The homeostasis of hematopoietic stem cells (HSCs) is regulated by intricate signaling pathways and interactions with the microenvironment or stem cell niche. One important signaling axis for HSC biology is thrombopoietin (TPO) and its receptor Mpl, signaling through Janus Kinase (JAK2). TPO-/- or Mpl-/- mice show diminished HSC self-renewal. In contrast, mice lacking the adaptor protein Lnk harbor a >10-fold increase in HSC numbers and superior engraftment. We discovered that Lnk regulation of HSC self-renewal partially depends on Mpl. In support of this genetic interaction, we found that Lnk directly binds to phosphorylated tyrosines in JAK2, and TPO-mediated activation of JAK2 is potentiated in Lnk-/- HSCs. Furthermore, Lnk-/- progenitor cells (HPCs) home more efficiently than wild type (WT) controls, and Lnk-/- mice exhibit a marked expansion in extramedullary distribution, indicating Lnk affects HSC interaction with the niche. Consistently, we found that Lnk deficiency enhances HPC adhesion to fibronectin through 21 integrins. We thus hypothesize that Lnk negatively restricts stem cell pool by controlling HSC cell cycle kinetics and survival through Mpl/JAK2, and regulates HSC interaction with stem cell niches by modulating integrin signaling.
Specific Aim 1 : To investigate the role of Lnk in controlling HSC cell cycle kinetics, survival, and exhaustion.
We aim to investigate how the expanded stem cell pool is achieved in Lnk-/- BM, by examining HSC cell cycle kinetics, survival and quiescence status of HSCs during development and after stress. In addition, we will study HSC exhaustion affected by Lnk deficiency using serial BMTs.
Specific Aim 2 : To investigate the role of Lnk in controlling HSC homing, adhesion, and interaction with HSC niches. We will extend our primary studies on progenitor cells to ask if Lnk deficiency enhances HSC homing/adhesion using BMT assays. In dissecting the mechanisms of Lnk-dependent HSC homing/adhesion, we will focus on two known major pathways: 21 integrin and stromal-derived factor-1 (SDF-1). Furthermore, we will test whether Lnk affects integrin signaling in HSCs through TPO/Mpl.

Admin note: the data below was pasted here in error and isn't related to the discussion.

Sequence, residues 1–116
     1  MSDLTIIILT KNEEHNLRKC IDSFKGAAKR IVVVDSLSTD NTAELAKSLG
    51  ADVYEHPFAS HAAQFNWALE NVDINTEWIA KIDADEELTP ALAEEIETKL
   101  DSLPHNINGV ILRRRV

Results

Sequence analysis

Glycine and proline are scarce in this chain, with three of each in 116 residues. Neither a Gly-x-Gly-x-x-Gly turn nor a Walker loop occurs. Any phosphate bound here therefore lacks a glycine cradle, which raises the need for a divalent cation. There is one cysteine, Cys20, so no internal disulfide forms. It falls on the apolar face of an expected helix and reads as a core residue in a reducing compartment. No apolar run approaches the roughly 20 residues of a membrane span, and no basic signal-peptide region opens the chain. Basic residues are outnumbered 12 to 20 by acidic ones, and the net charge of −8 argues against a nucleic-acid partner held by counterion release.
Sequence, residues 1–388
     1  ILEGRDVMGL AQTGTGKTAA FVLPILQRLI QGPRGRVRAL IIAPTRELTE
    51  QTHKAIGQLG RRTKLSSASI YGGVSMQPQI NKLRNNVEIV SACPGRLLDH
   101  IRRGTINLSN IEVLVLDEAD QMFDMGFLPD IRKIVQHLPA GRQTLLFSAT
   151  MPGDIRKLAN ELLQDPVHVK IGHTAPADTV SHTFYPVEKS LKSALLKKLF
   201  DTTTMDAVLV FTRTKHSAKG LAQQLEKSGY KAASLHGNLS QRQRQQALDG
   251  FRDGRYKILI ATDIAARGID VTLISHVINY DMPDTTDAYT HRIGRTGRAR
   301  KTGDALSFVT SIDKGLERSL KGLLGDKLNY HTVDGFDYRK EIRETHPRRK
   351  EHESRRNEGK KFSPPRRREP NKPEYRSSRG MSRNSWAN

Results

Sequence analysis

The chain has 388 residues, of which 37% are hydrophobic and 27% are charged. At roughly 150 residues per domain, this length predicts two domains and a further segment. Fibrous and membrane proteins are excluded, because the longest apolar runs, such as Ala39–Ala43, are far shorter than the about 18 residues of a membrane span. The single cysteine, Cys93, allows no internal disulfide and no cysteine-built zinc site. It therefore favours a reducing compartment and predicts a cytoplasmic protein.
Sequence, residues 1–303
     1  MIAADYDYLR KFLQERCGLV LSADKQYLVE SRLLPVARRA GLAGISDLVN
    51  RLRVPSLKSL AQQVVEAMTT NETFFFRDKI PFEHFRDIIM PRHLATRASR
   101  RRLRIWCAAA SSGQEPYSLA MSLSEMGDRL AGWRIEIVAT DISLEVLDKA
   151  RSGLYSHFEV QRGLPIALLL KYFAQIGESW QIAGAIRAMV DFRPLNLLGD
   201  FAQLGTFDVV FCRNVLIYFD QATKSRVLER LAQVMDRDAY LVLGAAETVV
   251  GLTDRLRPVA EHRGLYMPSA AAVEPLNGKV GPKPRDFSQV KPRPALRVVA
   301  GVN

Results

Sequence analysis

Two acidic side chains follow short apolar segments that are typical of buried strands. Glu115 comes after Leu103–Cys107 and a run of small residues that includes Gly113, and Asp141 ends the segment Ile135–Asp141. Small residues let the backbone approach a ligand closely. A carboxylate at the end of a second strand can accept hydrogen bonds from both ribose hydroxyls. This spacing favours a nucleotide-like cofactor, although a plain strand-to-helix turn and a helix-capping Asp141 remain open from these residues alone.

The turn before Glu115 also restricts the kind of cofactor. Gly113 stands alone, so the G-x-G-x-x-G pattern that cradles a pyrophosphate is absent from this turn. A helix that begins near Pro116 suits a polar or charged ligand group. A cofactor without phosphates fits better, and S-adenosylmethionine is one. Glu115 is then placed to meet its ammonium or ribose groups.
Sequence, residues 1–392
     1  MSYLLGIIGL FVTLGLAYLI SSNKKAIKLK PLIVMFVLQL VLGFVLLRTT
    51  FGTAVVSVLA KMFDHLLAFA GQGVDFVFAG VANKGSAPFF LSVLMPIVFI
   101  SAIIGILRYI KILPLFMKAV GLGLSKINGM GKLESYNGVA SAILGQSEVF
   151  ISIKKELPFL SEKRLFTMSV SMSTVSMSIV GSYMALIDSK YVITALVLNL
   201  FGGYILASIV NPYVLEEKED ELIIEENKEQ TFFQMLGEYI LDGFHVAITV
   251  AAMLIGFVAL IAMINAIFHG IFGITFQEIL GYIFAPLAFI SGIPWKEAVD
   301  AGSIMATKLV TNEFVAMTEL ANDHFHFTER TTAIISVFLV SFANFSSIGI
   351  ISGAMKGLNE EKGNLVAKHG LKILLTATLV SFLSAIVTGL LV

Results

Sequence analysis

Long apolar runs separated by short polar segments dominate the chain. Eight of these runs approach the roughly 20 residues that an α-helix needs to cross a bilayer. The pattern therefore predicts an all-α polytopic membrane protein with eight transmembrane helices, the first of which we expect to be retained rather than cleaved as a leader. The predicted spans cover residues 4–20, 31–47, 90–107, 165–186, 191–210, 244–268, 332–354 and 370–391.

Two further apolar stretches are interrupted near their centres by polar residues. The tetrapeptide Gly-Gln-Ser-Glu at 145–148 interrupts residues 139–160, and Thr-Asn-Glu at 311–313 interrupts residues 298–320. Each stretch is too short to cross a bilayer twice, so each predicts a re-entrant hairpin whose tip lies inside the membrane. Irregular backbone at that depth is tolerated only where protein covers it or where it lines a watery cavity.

Specific Aim 3 : To investigate how Lnk coordinates HSC self-renewal, proliferation/survival, homing, and interaction with the niche. The ostensibly distinct HSC properties are inter-related. We will investigate how perturbation of integrin-initiated signaling will affect WT and Lnk-/- HSC/PC proliferation, survival, and engraftment. Furthermore, we will study the role of Lnk in HSC homing and division kinetics in relationship to micro-anatomic localization in vivo using two-photon/confocal microscopy on live animals upon transplanted.
Specific Aim 4 : To test Lnk-JAK2 interaction in regulating HSC functions in vivo. Our genetic data suggest Lnk functions in part through its direst association with JAK2 to control HSC homeostasis. Here we will test this model in vivo by generating two "Knockin" mice that bear point mutations in Lnk and JAK2 to disrupt their interaction. We believe our studies will advance our understanding of the mechanisms underlying stem cell homeostasis and facilitate clinical applications to stem cell therapy.

Public Health Relevance

In mammals, hematopoietic stem cells (HSCs) are responsible for the daily production of billions of mature blood cells throughout adult life, and abnormal stem cell homeostatic mechanisms are associated with a variety of human disorders including aplastic anemia and leukemia. The research proposed here aims to achieve a better understanding of how an intrinsic signaling molecule, Lnk, regulates stem cell expansion, homing, and engraftment. We believe our studies will advance not only our understanding of the mechanisms underlying normal stem cell regulation, but also provide new insights into abnormal stem cell signaling in various lymphomas and leukemias, and facilitate clinical applications to stem cell therapy.

National Institute of Health (NIH)
National Heart, Lung, and Blood Institute (NHLBI)
Research Project (R01)
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Hematopoiesis Study Section (HP)
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Thomas, John
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Children's Hospital of Philadelphia
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